Deprived: The Dumbing of Indonesia

By N. Mark Castro

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In a country where recent and continuous discovery of new species of flora and fauna abound, it is indeed highly perplexing that the Ministry of Education and Culture would be the department that would initiate the scrapping of Science from the curriculum.

If at all, the Ministry should be at the forefront of defending such academic right of the students if threatened by budgetary constraints and/or pervasive and invasive criticisms of the conservative Moslems. And the Ministry should also be the first to promote further enhancement in teaching the subject to young children so that they could appreciate early the bountiful riches and natural resources with which the country is so blessed.

As such, despite consultations with academic and non-academic experts, the Ministry of (Mis)Education and (Un)Culture has decided to pursue the elimination of Science as a subject in public and private schools, including English. At one point, Mathematics has also been considered by the Ministry to be dropped from the subject list. Instead of enhancing such delicate subjects, the Ministry has instead decided to drop it. And with the lack of deeper academic training from the current pool of underpaid teachers, they are further burdened to incorporate subjects from which they have little or no training at all.

Indeed, what the Ministry has shown in this uneducated display of misplaced wisdom is its utter inability to manage a department that’s already saddled with problems: from classrooms that burn to ill-equipped facilities. Instead of allocating its high funds to more progressive programs, it deducts subjects that would have allowed the next generation of Indonesians to compete — if not dominate world market.

While English is dropped as an elective subject, young Indonesians might as well drop from its vocabulary words such as: compete, dominate, excel. For how can you compete globally, despite the various encouraging subsidies provided by other ministries, when the very foundation by which all knowledge is shaped is reduced by the very same Minister that is supposed to promote and expand it. And, ironically, all for the purported ideals that has not been implemented, promoted, nor displayed by the elected and appointed elders of the land.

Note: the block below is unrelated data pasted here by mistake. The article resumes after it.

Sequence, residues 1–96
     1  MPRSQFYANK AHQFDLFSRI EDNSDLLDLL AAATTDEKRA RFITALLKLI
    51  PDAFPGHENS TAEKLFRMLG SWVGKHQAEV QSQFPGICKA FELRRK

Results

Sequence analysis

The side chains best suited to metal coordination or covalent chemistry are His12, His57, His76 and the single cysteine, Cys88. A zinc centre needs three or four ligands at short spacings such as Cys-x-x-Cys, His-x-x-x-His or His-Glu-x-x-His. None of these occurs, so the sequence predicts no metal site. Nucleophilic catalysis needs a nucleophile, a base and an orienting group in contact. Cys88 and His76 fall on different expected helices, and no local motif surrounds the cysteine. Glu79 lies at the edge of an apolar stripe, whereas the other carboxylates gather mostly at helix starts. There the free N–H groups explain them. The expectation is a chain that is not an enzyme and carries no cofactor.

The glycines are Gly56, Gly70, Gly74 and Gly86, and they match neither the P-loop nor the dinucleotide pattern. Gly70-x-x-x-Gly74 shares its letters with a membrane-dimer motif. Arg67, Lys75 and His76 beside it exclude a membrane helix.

And see we hardworking parents being robbed by the highly-priced yet highly inefficient educational system of the country, yet forging ahead to give their children a better life than the one they found. Yet we have here the Ministry of Education and Culture that deprives them of such opportunity.

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Fifteen hundred years ago, almost as old Islam, everybody “knew” that the earth was the center of the universe. 500 years ago, everybody “knew” that the earth was flat. And it took forever for the Catholic Church to admit its dogmatic mistake and pardon the excommunication of Galileo Galilee.

And a few months ago, just before this new policy of the Ministry of Education and Culture, you “knew” that the Minister appointed by the President had some life form intelligence.

Imagine what you’ll “know” tomorrow.

Imagine, further, if we chose from the 250 Million Indonesians at least 1 Million who would study nothing else for a year except French culture and language. If another 1 Million would study nothing else but Chinese culture and language. If another 1 Million would study nothing else but Indian culture and language. And if another 1 Million would study nothing else but English culture and language.

Imagine the millions that we would deploy to the world, the millions that would remit back the money they worked hard for, and return to the earth of their birth, grateful for the education that the government subsidized.

And why not?

We have oil … but we’re just too damn lazy to do it ourselves.

About Asmartrock

N. Mark Castro is the chief political communications strategist for PT AsiaLeads, a political and communications policy-making body based in Jakarta, Indonesia. He is also the Executive Director at the Southeast Asia Consulting Group, an investment advisory company assisting clients roll out their presence for the ASEAN Economic Integration in partnership with government. The views posted here are his own and do not in any way reflect the views of the companies he represents.

Posted on October 23, 2012, in General, Politics and tagged , , , , . Bookmark the permalink. Leave a comment.

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